Acetylcholinesterase (AChE) Assay: In a cuvette which was already contained 2.6 ml phosphate buffer (0.1 M, pH 8) and 100μl of DTNB, 0.4 ml aliquot part of the homogenate was mixed. Cuvette contents were assorted systematically by bubbling air, and in a spectrophotometer, absorbance was calculated at 412 nm. When absorbance achieves a constant value, basal reading was recorded. 20μl of the substrate like ACh was mixed and alter in absorbance was noted for ten minutes at intermission of two minutes. Per-minute alteration in the absorbance was determined 22.
Intraperitoneal (I.P.) Injection of Scopolamine in Rats: Memory impairment was produced by I.P. administration of scopolamine (0.1 ml, 0.3 mg/kg), injected at a stat 23.
Statistical Analysis: The experimental values were expressed as Mean ± Standard error of the mean (SEM). Statistical analyses were performed by one-way ANOVA followed by the Bonferroni t-test.
Effect on SOD Assay: After the administration of scopolamine significant decrease in the SOD level was observed in Fig. 1. In all treatment groups, the SOD level was found significant (p<0.001) increased in comparison to scopolamine. The effect of CEPs was found significant (p<0.05) in comparison with BME, TCE, and EAE. Further intercomparison between all CEP; CEP-4 showed a significant (p<0.05) effect in comparison to other CEP Fig. 1.
FIG. 1: EFFECT ON SOD ASSAY. Values are in Mean ± SEM (N=6). *p<0.001 vs. Scopolamine, $p<0.05 vs. BME, TCE and EAE, #p<0.05 vs. CEP-1, CEP-2 and CEP-3
Effect on LPO Assay: After administration of scopolamine, significant enhanced in LPO level was observed in Fig. 2. In all treatment groups, the level of LPO was found significant (p<0.05) decreased in comparison to scopolamine.
Intercomparison between BME, TCE, and EAE; BME was found significant (p<0.001) in compare-son with TCE and EAE. The effect of CEPs was found significant (p<0.001) in comparison with BME, TCE, and EAE. Comparison between CEP-1, CEP-2, and CEP-3; CEP-1 was established significant (p<0.05) result in the comparison of CEP-3. Afterward, intercomparison between all CEP; CEP-4 showed a significant result (p<0.05, p<0.001) in comparison of CEP-2, CEP-3 respectively Fig. 2.
FIG. 2: EFFECT ON LPO ASSAY. Values are in Mean ± SEM (N=6). *p<0.05 vs. Scopolamine, +p<0.001 vs. TCE and EAE, $p<0.001 vs. BME, TCE and EAE, %p<0.05 vs. CEP-3, #p<0.05, p<0.001 vs. CEP-2 and CEP-3 respectively.
Effect on GSH Assay: After the administration of scopolamine significant decreased in GSH level was observed Fig. 3.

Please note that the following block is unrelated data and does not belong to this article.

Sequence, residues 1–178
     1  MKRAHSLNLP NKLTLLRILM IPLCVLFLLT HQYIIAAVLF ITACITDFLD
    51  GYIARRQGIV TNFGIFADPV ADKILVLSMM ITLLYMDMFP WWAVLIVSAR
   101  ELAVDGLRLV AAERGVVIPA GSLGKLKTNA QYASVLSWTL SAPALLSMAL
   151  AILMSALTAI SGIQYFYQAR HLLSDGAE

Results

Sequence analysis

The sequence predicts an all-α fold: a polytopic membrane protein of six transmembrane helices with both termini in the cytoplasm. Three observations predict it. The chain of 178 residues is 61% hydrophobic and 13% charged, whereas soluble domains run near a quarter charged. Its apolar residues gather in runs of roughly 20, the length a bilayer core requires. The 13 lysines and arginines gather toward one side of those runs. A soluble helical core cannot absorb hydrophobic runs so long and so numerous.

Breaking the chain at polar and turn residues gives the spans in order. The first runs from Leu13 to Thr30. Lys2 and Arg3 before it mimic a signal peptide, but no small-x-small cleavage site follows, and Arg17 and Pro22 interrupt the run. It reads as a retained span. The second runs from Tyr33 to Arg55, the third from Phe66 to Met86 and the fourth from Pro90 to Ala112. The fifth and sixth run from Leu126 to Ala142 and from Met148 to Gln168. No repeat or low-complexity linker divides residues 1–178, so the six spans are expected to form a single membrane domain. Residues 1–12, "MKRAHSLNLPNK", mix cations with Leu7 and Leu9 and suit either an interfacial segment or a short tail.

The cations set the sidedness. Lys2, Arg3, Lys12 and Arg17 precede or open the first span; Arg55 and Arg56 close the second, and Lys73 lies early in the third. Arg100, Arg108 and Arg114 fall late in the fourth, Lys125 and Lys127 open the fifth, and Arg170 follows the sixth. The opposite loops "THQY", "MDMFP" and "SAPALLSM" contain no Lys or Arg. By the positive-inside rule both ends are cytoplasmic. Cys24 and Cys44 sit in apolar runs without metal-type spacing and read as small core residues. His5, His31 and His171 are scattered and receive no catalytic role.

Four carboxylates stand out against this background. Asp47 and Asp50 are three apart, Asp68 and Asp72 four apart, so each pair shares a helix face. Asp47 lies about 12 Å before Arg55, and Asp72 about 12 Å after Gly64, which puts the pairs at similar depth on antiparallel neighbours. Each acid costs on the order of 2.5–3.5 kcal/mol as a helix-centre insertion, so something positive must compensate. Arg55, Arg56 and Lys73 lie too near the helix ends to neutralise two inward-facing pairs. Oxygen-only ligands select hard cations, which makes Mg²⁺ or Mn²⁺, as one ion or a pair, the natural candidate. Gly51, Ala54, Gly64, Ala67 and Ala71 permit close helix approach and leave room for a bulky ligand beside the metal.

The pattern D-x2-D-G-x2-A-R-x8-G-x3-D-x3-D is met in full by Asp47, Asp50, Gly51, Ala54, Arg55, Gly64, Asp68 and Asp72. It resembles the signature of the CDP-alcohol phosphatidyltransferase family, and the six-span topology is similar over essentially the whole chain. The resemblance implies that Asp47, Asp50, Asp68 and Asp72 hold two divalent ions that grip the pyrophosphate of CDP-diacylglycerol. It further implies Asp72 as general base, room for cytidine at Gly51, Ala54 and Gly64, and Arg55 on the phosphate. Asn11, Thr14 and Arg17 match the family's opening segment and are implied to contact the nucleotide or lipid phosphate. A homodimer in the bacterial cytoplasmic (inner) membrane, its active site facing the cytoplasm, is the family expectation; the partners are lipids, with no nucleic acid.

FIG. 3: EFFECT ON GSH ASSAY. Values are in Mean ± SEM (N=6). *p<0.001 vs. Scopolamine, @, +p<0.001 vs. TCE, $p<0.05 vs. BME, TCE and EAE, %p<0.05, p<0.001 vs. CEP-2 and CEP-3 respectively, #p<0.05, p<0.001, p<0.001 vs. CEP-1, CEP-2 and CEP-3 respectively.
In every treatment group; the level of GSH was increased significantly (p<0.001) in comparison to scopolamine. Intercomparison between BME, TCE, and EAE; BME and EAE showed a significant difference (p<0.001) in comparison to TCE. The result of CEPs was found significant (p<0.05) in comparison with BME, TCE, and EAE. Com-parison between CEP-1, CEP-2, and CEP-3; CEP-1 was established significant (p<0.05, p<0.001) result in a comparison of CEP-2 and CEP-3, respectively. Afterward, intercomparison between all CEP; CEP-4 showed a significant result (p<0.05, p<0.001, p<0.001) in comparison of CEP-1, CEP-2, and CEP-3 respectively Fig. 3.
Effect on Catalase Assay: After the administration of scopolamine significant decrease in the Catalase level was observed in Fig. 4. In all treatment groups, the Catalase level was increased signify-cantly (p<0.001) in comparison to scopolamine. Intercomparison between BME, TCE, and EAE; BME was found significant (p<0.001) in com-parison to TCE and EAE. The result of CEPs was established significant (p<0.001) in comparison with BME, TCE, and EAE. Comparison between CEP-1, CEP-2, and CEP-3; CEP-1 was established significant (p<0.001) result in a comparison of CEP-3. Afterward, inter-comparison between all CEP; CEP-4 showed significant (p<0.05, p<0.001, p<0.001) effect in comparison of CEP-1, CEP-2, and CEP-3, respectively Fig. 4.
FIG. 4: EFFECT ON CATALASE ASSAY. Values are in Mean ± SEM (N=6). *p<0.001 vs. Scopolamine, +p<0.001 vs. TCE and EAE, $p<0.001 vs. BME, TCE and EAE, %p<0.001 vs. CEP-3, #p<0.05, p<0.001, p<0.001 vs. CEP-1, CEP-2 and CEP-3 respectively